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Mexico agrees to drop trade sanctions; U.S. to lift ban on Mexican trucks

First ladies read 
to kids: First lady Michelle Obama and first lady Margarita Zavala of Mexico read to about 350 students in kindergarten through third grade at Oyster-Adams Bilingual Elementary in Washington on Thursday in support of Read Across America. Obama read The Cat in the Hat in honor of Dr. Seuss’ birthday, which was Wednesday. Zavala read Las Ballenas (The Whales’ Song) in Spanish.

Associated Press

First ladies read to kids: First lady Michelle Obama and first lady Margarita Zavala of Mexico read to about 350 students in kindergarten through third grade at Oyster-Adams Bilingual Elementary in Washington on Thursday in support of Read Across America. Obama read The Cat in the Hat in honor of Dr. Seuss’ birthday, which was Wednesday. Zavala read Las Ballenas (The Whales’ Song) in Spanish.

WASHINGTON — Mexico agreed Thursday to lift trade sanctions under a preliminary deal to allow its trucks on U.S. roads.

Mexico would eliminate $2.4 billion in punitive tariffs on pork, cosmetics, Christmas trees, chemicals, pet food and hundreds of other products.

"After nearly 20 years, we finally have found a clear path to resolving the dispute," Obama announced at news conference with Mexican President Felipe Calderon.

Mexico would lift half the tariffs once the deal is final, perhaps by next month, officials said. It would erase the rest when the one of its trucking companies is approved to operate in the United States.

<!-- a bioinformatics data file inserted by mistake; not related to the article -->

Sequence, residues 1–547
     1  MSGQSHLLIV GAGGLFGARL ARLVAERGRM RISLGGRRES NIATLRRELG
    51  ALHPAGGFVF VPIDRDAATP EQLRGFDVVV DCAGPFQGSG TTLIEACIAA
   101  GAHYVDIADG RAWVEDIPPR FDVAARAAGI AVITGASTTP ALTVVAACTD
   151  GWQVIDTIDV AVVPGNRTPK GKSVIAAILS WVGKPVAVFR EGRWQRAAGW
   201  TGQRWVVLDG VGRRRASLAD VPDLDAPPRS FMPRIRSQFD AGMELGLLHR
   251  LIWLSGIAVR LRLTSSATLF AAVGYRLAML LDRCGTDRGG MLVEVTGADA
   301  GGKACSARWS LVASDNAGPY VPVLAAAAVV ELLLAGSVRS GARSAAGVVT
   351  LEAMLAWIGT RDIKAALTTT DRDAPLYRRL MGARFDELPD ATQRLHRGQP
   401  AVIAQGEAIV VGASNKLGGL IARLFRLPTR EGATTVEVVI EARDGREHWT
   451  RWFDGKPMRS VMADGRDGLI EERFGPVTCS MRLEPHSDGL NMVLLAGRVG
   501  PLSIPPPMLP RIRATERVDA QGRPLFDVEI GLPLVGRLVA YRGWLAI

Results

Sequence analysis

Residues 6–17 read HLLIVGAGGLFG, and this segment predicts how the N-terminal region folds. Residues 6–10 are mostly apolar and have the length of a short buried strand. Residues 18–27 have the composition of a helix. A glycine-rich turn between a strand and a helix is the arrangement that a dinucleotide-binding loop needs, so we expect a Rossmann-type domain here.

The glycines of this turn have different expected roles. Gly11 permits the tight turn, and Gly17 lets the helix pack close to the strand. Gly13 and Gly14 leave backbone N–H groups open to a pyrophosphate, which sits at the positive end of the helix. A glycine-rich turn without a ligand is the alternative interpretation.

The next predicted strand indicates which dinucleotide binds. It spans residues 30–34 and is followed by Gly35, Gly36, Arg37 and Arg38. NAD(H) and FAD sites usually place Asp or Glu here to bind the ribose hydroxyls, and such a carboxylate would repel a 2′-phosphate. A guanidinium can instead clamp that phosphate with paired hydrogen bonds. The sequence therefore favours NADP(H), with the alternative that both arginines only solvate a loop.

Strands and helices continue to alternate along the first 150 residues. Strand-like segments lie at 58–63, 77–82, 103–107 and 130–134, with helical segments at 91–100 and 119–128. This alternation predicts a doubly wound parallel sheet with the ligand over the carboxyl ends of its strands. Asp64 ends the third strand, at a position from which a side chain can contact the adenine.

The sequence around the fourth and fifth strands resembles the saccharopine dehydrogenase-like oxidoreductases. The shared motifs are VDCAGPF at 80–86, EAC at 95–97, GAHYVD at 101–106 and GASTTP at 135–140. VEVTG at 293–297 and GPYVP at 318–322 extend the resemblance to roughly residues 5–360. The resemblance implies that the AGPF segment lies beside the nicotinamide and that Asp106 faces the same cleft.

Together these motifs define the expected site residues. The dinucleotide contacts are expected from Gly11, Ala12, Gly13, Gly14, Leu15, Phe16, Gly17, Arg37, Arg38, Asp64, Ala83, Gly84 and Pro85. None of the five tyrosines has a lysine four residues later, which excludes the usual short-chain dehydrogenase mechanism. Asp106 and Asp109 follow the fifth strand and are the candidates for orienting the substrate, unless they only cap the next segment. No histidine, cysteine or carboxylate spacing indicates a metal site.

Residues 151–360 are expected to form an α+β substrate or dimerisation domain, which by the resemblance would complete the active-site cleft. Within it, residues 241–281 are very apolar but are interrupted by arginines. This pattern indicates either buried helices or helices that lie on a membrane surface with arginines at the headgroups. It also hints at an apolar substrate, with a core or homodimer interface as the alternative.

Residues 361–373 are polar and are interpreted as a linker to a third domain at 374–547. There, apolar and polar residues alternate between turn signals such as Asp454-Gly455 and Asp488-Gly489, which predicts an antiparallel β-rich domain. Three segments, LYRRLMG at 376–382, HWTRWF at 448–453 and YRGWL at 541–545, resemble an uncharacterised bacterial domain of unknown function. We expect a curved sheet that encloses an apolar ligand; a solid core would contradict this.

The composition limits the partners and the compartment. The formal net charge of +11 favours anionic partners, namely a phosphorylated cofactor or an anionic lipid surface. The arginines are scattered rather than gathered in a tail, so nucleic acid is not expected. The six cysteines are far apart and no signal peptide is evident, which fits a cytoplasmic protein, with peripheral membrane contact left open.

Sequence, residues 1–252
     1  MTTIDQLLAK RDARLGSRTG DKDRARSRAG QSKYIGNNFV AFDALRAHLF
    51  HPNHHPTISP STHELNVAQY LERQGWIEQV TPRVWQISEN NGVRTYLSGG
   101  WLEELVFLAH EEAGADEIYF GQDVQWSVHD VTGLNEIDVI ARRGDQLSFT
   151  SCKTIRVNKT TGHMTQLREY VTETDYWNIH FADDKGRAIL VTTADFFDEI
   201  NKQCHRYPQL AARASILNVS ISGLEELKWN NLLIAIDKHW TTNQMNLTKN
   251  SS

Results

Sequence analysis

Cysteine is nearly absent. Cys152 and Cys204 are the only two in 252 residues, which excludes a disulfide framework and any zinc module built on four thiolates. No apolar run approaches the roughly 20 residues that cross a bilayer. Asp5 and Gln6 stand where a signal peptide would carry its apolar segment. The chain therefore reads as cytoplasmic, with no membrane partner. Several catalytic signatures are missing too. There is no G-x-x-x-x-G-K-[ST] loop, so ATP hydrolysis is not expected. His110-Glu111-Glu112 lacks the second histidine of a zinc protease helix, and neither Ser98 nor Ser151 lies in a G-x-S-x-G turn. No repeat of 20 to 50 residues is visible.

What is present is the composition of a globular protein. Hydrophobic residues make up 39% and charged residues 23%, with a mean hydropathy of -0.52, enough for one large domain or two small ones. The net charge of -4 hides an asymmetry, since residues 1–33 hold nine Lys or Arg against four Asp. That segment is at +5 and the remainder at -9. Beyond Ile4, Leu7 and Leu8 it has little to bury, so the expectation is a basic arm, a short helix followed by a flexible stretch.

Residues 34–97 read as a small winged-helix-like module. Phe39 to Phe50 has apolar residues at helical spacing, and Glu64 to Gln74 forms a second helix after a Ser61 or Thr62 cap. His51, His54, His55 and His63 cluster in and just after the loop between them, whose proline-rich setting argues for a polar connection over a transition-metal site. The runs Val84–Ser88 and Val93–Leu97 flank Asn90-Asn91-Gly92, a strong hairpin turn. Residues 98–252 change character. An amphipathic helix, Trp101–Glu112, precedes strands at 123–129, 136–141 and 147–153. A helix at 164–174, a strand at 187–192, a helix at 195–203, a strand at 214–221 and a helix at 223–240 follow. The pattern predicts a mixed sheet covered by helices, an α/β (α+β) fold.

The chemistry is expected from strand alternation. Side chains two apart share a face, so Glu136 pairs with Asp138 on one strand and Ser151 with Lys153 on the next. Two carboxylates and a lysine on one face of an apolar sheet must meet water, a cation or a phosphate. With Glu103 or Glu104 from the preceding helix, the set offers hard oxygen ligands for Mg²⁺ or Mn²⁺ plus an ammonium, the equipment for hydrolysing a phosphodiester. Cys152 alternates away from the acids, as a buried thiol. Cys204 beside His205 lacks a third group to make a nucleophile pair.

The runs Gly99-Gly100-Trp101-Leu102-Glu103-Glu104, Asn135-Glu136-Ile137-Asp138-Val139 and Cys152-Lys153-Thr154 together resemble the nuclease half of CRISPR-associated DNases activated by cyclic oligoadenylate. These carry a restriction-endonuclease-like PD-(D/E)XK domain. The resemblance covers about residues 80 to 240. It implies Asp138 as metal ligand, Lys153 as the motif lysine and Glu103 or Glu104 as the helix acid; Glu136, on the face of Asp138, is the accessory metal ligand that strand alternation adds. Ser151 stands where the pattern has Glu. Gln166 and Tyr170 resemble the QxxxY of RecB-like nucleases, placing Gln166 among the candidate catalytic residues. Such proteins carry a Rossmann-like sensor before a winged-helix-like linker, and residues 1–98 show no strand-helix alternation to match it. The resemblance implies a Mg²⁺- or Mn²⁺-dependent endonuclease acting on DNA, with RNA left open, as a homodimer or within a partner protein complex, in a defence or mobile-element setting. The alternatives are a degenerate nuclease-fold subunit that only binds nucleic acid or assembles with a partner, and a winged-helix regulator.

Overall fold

Unions and their allies in Congress have resisted the entry of Mexican trucks since the inception of the North American Free Trade Agreement in 1994.

Congress triggered the retaliatory tariffs two years ago, when it cut off funds for a pilot program of the U.S. Transportation Department that would have allowed up to 100 Mexican trucks on U.S. highways.

That violated NAFTA and, frustrated after years of stalemate, Mexico invoked its right to retaliate under the treaty.

U. S. Trade Representative Ron Kirk said the economic effect had been severe. "We had farmers, ranchers, growers from Texas, California, Florida to Washington who were getting hit by $250 million a year in tariffs," Kirk said. "We've had extraordinary loss of market share in Mexico."

Under the deal, Mexican trucks would be subject to U.S. safety and pollution standards. Drivers would have to obey U.S. work rules and pass drug and English-proficiency tests.

"We think we've struck a good balance that's going to put us in a position to have a safe program that meets concerns that were voiced by many in Congress," Kirk said.

The trucking dispute was one of many issues on the agenda.

Obama said the United States wants to extradite the suspect arrested in Mexico on charges of killing Jaime Zapata, an unarmed U.S. immigration and customs agent.

Another U.S. agent survived the Feb. 15 attack in northern Mexico. Authorities suspect the attack was the work of Los Zetas, a drug gang.

Calderon was noncommittal on extradition, saying the legalities must be reviewed. But he promised that "this individual will be brought to justice with the full weight of the law, whether that be in the United States or in Mexico."

He also refused to reconsider a law that bans U.S. agents and other foreigners from carrying weapons, a policy that U.S. Attorney General Eric Holder told Congress this week he wants changed.

Mexico agrees to drop trade sanctions; U.S. to lift ban on Mexican trucks 03/03/11 [Last modified: Thursday, March 3, 2011 10:48pm]
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